Car Image Generation Using GANs
In this blog post I will be discussing how one can use GANs (generative adversarial networks) to create brand new images based on a given training set. For example, if your training set is composed of pictures of dogs, the generator should be able to create new dog images that can pass as actual dogs. This blog will cover an introduction to GANs, my experiment using this network to generate car images, and other potential use cases for this technology.
What is GANs?
The term GANs stands for generative adversarial network, but what does that mean? GANs networks are actually composed of two separate networks that work against each other (hence adversarial) to generate new images from random noise. The two networks are called the generator and the discriminator. The generator takes an input of random noise, or in some cases a preselected image, and turns that into a new “fake” image. The generator’s goal is to fool the discriminator into believing that the generated image came from the training set of real images and is not recognized as a generated image by the discriminator. The discriminator’s job is to be able to tell if an image is a real image from the training set or a “fake” image created by the generator. A helpful analogy for understanding this would be thinking of the generator as a band of criminals trying to create counterfeit money and the discriminator as the police trying to spot the counterfeit money. The criminals, or the generator, can use the discriminator’s response to gauge how well their money passes as real money and can develop strategies based on what changes cause the discriminator to classify more generated images as real.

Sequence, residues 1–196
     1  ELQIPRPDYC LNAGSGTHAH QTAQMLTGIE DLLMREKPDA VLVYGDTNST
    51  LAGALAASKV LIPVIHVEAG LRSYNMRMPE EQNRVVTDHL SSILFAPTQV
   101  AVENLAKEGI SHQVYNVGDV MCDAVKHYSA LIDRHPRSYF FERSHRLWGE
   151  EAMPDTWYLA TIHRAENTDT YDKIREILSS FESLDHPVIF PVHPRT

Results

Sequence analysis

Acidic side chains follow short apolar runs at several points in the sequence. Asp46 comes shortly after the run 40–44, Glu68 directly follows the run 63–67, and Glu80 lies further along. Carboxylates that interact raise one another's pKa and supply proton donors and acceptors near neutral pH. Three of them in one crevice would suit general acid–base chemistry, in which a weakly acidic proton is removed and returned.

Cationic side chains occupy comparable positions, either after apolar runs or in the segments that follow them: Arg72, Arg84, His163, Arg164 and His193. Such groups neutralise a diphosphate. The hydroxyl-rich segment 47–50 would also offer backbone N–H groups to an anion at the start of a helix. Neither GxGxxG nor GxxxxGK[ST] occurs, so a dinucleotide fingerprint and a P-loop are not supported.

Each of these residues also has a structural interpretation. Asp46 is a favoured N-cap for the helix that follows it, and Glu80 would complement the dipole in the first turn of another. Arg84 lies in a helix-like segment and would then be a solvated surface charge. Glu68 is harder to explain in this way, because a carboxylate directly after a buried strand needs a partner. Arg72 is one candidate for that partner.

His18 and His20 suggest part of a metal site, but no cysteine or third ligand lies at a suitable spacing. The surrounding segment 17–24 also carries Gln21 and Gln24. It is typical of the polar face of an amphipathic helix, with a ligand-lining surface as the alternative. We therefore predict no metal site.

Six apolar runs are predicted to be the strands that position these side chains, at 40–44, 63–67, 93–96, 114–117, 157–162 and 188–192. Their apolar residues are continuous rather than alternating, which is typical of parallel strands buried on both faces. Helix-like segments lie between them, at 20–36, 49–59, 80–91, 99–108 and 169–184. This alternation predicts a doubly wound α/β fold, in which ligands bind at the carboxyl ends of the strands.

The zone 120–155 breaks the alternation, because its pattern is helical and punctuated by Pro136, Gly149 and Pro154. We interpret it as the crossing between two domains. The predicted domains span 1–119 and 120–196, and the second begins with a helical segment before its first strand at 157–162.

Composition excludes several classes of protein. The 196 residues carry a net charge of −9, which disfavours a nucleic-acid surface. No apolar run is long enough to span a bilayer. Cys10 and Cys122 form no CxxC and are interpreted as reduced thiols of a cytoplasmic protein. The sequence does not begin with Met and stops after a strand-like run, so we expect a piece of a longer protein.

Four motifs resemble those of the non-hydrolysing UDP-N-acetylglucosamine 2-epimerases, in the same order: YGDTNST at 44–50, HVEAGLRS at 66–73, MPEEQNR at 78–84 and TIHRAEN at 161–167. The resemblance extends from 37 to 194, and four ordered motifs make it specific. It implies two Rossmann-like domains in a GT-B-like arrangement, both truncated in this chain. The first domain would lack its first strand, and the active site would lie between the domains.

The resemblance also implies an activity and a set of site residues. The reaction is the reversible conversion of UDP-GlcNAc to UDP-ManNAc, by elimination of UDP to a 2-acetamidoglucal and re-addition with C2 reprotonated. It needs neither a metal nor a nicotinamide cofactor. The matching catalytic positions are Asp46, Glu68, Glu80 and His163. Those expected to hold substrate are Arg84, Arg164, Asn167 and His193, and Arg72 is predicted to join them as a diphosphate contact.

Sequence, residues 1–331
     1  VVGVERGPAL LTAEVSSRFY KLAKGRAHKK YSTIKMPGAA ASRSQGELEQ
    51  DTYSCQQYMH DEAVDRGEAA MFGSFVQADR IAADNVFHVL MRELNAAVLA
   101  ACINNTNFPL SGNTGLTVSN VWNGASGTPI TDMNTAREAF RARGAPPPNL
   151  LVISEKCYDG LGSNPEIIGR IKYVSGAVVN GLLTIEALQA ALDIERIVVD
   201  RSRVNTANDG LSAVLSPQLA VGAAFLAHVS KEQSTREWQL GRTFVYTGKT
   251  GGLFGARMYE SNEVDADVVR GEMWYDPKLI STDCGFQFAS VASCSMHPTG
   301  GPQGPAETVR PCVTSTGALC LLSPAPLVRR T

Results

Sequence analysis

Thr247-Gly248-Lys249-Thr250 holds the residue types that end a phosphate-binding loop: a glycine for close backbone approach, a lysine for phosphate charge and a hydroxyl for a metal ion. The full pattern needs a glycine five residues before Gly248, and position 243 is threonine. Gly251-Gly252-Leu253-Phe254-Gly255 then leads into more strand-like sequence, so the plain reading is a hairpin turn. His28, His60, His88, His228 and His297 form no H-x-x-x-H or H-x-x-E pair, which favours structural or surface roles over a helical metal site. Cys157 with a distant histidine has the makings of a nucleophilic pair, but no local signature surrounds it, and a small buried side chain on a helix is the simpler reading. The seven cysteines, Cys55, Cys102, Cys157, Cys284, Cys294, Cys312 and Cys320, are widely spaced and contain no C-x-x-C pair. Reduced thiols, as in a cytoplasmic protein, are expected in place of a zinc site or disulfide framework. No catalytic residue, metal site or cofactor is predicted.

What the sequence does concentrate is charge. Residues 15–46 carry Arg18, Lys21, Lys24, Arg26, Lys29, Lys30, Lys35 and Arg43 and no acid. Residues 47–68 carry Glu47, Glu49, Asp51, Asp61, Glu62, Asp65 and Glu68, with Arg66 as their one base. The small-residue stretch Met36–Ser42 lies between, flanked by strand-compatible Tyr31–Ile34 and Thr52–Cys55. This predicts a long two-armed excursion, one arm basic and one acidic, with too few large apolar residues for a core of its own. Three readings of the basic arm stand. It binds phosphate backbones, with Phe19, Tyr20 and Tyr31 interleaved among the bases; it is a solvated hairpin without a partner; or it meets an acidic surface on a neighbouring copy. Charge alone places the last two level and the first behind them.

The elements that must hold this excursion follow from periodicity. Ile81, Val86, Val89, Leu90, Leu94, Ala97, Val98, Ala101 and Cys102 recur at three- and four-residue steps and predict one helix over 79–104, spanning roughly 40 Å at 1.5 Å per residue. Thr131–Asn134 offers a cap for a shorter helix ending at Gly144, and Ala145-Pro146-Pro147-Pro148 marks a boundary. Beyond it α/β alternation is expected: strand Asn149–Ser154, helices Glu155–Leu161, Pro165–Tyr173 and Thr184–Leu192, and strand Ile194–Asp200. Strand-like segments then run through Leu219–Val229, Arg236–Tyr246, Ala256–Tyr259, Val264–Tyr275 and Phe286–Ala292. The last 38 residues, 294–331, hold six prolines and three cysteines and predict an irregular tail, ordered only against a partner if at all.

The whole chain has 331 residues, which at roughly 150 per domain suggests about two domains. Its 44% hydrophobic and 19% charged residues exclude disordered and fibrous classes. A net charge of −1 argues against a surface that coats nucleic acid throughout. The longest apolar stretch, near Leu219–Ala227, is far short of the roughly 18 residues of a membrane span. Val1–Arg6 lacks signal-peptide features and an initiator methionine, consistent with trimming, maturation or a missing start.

While GANs has proven quite effective for image generation, its structure makes it challenging to train. Care must be taken to manage the training of both the generator and the discriminator relative to each other or the generator may only ever produce more static as its “fake” images. If the discriminator is trained incorrectly and no longer has a good idea of what real and fake images are then the generator has no way of knowing how well its image generation is working.
For my first attempt at using GANs I decided to generate images of cars based on several datasets I found online, including one from Stanford University and images I scraped from search engines. I used the Progressive Growing of GANs model provided by NVIDIA for all of my attempts. My experiments were performed on a Dell C4140 server using 4 NVIDIA V100 GPUs.
Below is the image generated from my best and most recent attempt which, while probably not being able to fool a person, can at least be identified as cars. I used 16,485 images in my training set for this attempt and training ran for 2 days, 20 hours, and 55 minutes. To see all my attempts and for more details on the training process, visit the post I wrote on my personal website or feel free to contact me directly.
Other Potential Use Cases
While image generation is the most well-known use case for GANs, researchers have found many other uses for GANs. Instead of starting with random noise, one can also feed an image into the generator for different effects. Below you can see GANs being used to change an image to give it a certain artist’s style, also known as style transfer. You can read more about style transfer GANs in this article.
Other uses for GANs include increasing image resolution, create images from text descriptions, and generating 3D objects from 2D images. For descriptions about these and many more GANs applications, check out this article from Machine Learning Mastery.